MUSEO ARGENTINO DE CIENCIAS NATURALES "BERNARDINO RIVADAVIA"
Unidad Ejecutora - UE
The morphology and relationships of the walking mud spiders of the genus Cryptothele (Araneae: Zodariidae)
RAMÍREZ, M. J.; GRISMADO, C. J.; LABARQUE, F.; IZQUIERDO, M.; LEDFORD, J.; MILLER, J.; HADDAD, C. R.; GRISWOLD, C.
Año: 2014 vol. 253 p. 382 - 382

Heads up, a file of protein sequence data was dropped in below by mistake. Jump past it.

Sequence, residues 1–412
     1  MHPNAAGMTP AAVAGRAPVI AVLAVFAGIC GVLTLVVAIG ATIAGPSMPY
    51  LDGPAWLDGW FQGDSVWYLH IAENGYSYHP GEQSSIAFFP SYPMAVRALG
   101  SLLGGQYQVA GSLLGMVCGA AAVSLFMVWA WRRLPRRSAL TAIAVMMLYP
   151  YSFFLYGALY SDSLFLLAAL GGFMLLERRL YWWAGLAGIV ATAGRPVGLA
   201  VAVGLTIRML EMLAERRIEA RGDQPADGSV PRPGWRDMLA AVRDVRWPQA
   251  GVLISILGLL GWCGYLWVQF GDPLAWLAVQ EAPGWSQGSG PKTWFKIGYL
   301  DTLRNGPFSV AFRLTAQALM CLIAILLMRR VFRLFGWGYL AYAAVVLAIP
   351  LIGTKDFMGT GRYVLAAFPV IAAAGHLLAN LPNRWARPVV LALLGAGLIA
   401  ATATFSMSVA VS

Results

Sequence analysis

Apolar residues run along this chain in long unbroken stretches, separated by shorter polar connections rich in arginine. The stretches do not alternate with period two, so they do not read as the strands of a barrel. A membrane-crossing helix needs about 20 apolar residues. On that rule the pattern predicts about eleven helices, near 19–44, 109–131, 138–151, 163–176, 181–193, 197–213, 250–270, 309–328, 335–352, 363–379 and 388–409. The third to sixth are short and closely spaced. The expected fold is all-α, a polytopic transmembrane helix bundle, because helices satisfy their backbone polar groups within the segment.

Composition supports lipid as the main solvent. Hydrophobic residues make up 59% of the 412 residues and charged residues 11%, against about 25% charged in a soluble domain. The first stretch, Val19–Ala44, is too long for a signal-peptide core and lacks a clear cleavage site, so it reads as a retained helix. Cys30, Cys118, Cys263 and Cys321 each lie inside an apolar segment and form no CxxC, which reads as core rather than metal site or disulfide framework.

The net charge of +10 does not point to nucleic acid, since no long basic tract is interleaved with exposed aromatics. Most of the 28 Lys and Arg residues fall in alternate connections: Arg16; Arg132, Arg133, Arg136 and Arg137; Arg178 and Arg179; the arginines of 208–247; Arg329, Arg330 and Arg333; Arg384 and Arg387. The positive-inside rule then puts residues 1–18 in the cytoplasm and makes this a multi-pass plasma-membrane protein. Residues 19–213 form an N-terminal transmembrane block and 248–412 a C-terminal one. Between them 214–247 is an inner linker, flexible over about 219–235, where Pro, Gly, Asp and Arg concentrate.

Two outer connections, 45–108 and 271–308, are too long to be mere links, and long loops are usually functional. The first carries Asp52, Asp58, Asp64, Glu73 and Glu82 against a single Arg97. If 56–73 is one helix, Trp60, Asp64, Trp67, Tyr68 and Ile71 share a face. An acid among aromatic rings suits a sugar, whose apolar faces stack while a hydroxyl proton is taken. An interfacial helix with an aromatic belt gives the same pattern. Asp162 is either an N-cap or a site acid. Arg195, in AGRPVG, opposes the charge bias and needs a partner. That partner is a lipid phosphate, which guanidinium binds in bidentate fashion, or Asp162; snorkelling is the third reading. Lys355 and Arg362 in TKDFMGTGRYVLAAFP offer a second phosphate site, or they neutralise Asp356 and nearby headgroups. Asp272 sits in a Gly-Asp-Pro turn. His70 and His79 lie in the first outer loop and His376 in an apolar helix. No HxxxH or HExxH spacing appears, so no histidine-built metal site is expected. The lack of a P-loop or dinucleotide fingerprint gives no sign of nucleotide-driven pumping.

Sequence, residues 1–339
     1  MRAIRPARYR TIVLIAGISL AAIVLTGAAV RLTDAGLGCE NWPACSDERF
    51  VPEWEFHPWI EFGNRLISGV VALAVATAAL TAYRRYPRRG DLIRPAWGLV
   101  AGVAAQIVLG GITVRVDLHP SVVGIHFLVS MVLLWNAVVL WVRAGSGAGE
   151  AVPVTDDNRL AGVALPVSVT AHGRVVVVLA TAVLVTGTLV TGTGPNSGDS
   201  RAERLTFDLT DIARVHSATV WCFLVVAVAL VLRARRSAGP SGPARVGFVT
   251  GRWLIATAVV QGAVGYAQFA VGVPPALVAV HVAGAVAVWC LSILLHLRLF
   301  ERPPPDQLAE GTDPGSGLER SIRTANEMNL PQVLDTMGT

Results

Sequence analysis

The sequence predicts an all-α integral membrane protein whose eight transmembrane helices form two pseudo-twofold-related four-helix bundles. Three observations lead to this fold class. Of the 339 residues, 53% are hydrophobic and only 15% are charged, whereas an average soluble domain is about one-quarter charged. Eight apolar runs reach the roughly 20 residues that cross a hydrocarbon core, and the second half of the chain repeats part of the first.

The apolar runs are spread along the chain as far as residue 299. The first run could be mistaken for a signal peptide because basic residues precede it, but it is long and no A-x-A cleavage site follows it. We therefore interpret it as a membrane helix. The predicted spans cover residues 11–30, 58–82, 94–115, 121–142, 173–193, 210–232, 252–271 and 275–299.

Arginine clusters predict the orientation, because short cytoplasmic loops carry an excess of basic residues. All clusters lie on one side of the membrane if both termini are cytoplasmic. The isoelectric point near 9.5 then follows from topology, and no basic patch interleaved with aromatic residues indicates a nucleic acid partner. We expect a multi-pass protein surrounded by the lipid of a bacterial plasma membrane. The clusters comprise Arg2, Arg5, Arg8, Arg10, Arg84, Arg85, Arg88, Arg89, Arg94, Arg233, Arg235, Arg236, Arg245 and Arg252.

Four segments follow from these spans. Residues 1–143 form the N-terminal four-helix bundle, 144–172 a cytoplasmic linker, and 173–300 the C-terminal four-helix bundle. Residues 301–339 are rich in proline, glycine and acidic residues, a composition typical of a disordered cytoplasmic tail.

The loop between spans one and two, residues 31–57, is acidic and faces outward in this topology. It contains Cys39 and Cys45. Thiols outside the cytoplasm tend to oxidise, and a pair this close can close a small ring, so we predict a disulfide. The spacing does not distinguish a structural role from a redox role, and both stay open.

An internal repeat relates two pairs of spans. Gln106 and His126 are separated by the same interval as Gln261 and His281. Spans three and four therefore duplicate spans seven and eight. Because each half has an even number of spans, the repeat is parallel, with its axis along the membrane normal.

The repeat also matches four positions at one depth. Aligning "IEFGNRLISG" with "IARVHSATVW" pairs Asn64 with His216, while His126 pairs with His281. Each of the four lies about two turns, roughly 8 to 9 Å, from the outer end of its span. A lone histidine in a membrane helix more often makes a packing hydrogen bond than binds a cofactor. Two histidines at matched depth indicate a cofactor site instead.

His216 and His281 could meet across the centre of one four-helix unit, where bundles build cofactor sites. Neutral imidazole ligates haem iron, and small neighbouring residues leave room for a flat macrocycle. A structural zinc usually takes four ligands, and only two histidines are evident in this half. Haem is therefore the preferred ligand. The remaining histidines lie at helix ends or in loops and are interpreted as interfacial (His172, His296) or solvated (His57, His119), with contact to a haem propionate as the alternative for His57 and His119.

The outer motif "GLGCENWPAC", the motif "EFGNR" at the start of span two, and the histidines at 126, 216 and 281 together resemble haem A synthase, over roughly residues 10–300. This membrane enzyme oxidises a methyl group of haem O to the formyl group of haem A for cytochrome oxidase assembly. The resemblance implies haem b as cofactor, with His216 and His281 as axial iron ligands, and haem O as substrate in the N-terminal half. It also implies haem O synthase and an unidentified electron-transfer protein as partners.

We revise the relationships of the spider genus Cryptothele after reexamination of the morphology of the spinnerets, leg tarsal claws and maxillae with scanning electron microscopy. Cryptothele species have a particular conformation of the spinning field of the anterior lateral spigots that is typical of zodariids and close relatives: the field of major ampullate gland spigots, together with their strain sensilla, are invaginated within the field of piriform gland spigots. The implantation of the teeth on the inner side of the leg tarsal claws is also consistent with its placement among zodariids. We added Cryptothele to a morphological dataset of zodariid genera, together with the outgroups Homalonychus (Homalonychidae) and Penestomus (Penestomidae). The phylogenetic analysis concludes that the genus Cryptothele is a member of the subfamily Cydrelinae, which by priority is here considered a junior synonym of Cryptothelinae. Cryptothele specimens cover most of their body with soil particles which become consolidated as mud, and the debris is probably held in place by curved setae covered by long barbs. The spinnerets, which can be retracted and hidden, as well as the booklungs, are surrounded by a crown of thick setae that are densely covered by short barbs, protecting those areas against soil particles. Cryptothele are probably specialized to prey on termites, and their phylogenetic placement indicates that this diet specificity evolved two times independently in zodariids.